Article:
Pear Stories by Russian speakers with aphasia
The present study employed the visual-world paradigm with eyetracking to discriminate between two versions of the reordered access model - namely, whether meaning frequency and context affect (a) speed of lexical access or (b) the relative weight of simultaneously accessed meanings. The time course of lexical access and meaning integration were studied in 3 groups of Russian speaking participants: 36 individuals in control group as well as 16 individuals with non-fluent and 8 with fluent aphasia. The results allow to confirm psychological reality of the first version, since in balanced ambiguous words contextual bias influences the speed of lexical access. In addition, it was found that healthy population and participants with non-fluent aphasia are affected by the contextual bias even after processing information that resolves ambiguity.
51st Academy of Aphasia Proceedings
Aphasia, a language impairment following stroke or brain trauma, is normally manifested behaviorally. Patients with the so-called non-fluent aphasia experience major difficulties at the level of morphosyntax (that is, producing and comprehending complex morphology and syntax). In contrast, patients with fluent aphasia predominantly show problems at the lexical-semantic level (that is, accessing word forms and lexical semantics). However, a few studies have proven that the language deficit in patients with aphasia is expressed not only in their linguistic performance, but also in specific electrophysiological responses.
In healthy individuals, incongruencies at different linguistic levels cause distinct event-related brain potentials (ERPs) registrated at the scalp. Syntactic incongruency elicits the ELAN and the P600 potentials, lexical-semantic incongruency elicits the N400 potential. Critically, in standard for those potentials linguistic contexts the lack of N400 was reported for fluent patients, while the lack of the ELAN and a reduced and delayed P600 – for non-fluent patients (Friederici et al. 1998, Wassenaar and Hagoort 2005). These findings support the idea of electrophysiological brain mapping on specific linguistic problems observed in different aphasia types.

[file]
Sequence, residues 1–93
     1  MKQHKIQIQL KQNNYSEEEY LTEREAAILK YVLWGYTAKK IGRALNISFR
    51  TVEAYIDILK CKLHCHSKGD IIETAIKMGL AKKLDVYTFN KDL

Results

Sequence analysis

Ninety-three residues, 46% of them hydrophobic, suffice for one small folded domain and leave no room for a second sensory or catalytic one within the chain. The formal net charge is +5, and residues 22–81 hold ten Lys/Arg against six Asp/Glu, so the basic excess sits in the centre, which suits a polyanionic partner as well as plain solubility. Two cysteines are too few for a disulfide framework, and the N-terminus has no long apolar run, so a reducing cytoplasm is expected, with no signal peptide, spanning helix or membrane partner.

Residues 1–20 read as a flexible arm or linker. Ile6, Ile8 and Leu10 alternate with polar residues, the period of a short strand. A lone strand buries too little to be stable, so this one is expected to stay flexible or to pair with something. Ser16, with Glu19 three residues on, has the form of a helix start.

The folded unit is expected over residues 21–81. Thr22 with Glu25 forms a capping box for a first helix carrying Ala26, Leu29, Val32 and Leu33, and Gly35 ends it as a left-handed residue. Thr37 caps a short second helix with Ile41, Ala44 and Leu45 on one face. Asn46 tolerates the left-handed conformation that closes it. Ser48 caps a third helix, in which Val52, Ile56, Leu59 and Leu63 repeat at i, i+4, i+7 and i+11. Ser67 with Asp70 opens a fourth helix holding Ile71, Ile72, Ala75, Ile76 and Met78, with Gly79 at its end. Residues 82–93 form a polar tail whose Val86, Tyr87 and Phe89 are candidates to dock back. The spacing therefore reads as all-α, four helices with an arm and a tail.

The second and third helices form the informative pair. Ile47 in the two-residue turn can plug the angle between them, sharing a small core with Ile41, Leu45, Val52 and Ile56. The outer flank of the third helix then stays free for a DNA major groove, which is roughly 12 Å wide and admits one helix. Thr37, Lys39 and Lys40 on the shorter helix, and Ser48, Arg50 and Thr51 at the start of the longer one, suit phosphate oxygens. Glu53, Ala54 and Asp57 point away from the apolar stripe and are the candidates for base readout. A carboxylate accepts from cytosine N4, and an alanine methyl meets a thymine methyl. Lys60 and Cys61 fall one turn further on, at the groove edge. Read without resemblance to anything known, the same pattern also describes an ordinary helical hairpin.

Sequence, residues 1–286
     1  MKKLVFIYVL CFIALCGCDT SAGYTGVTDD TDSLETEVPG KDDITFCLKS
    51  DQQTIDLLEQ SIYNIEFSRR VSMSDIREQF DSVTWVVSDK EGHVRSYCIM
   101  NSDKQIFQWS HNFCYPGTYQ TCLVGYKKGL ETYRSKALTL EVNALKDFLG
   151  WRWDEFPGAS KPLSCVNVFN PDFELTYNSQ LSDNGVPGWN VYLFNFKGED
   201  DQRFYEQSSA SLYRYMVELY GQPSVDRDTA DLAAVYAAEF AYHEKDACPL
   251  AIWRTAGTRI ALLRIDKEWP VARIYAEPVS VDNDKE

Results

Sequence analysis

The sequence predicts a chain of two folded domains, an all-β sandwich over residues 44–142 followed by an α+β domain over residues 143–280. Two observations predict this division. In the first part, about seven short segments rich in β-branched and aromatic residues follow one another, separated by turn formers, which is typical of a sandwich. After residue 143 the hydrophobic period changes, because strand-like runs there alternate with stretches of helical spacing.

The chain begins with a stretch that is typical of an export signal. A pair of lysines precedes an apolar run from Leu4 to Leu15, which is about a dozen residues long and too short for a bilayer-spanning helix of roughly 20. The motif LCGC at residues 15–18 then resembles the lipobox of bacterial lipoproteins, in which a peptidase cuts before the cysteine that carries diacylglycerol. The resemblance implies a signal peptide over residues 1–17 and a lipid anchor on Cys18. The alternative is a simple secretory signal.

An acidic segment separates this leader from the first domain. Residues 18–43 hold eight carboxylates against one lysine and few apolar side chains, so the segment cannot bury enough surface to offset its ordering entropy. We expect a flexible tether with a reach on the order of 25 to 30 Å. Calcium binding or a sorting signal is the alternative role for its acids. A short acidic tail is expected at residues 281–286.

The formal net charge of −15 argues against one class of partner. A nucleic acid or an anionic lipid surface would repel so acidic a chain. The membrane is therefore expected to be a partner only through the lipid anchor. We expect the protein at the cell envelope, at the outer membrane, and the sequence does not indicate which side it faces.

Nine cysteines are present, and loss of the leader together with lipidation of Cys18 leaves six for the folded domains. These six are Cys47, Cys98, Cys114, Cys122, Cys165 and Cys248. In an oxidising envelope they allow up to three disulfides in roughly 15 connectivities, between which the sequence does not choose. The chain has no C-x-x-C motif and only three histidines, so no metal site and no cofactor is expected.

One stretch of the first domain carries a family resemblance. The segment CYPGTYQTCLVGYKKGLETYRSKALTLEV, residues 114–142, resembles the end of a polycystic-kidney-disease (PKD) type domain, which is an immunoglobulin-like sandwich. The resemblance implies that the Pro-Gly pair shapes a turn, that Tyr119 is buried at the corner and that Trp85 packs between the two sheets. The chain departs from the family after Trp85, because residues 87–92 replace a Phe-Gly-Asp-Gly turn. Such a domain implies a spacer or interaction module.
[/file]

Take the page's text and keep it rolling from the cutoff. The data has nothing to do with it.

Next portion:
The study was aimed at further investigating electrophysiological evidence for the suggestion that spoken sentence comprehension problems in individuals with fluent and non-fluent aphasia are caused, at least partly, by breakdowns at different levels of language processing – lexical-semantic and morphosyntactic respectively. To test this, we performed a study in healthy and aphasic Russian individuals using the method of event-related potentials (ERPs) that has become a powerful tool in addressing temporal aspects of language processing.